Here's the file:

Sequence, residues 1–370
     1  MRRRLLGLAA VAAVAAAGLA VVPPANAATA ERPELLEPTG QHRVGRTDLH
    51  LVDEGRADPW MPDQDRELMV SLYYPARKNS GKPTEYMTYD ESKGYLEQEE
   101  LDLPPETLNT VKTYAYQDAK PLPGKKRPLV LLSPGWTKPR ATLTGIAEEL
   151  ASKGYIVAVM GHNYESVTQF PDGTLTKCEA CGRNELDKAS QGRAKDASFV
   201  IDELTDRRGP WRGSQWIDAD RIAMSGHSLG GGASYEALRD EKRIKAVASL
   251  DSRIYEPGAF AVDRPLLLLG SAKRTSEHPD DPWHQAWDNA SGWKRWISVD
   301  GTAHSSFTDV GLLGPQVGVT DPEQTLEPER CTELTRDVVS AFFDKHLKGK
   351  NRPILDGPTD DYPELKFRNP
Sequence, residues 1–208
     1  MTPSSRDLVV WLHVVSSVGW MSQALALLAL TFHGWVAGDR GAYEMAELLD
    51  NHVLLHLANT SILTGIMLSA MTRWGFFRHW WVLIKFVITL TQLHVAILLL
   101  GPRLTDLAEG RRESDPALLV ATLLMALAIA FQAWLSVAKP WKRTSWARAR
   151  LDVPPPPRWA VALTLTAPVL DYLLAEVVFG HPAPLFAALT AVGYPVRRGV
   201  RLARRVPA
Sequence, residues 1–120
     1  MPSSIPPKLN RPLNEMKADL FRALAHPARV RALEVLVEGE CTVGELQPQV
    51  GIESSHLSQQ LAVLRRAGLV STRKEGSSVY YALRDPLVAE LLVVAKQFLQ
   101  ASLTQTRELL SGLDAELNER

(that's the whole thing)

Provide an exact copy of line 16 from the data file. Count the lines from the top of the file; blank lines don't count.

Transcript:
Sequence, residues 1–120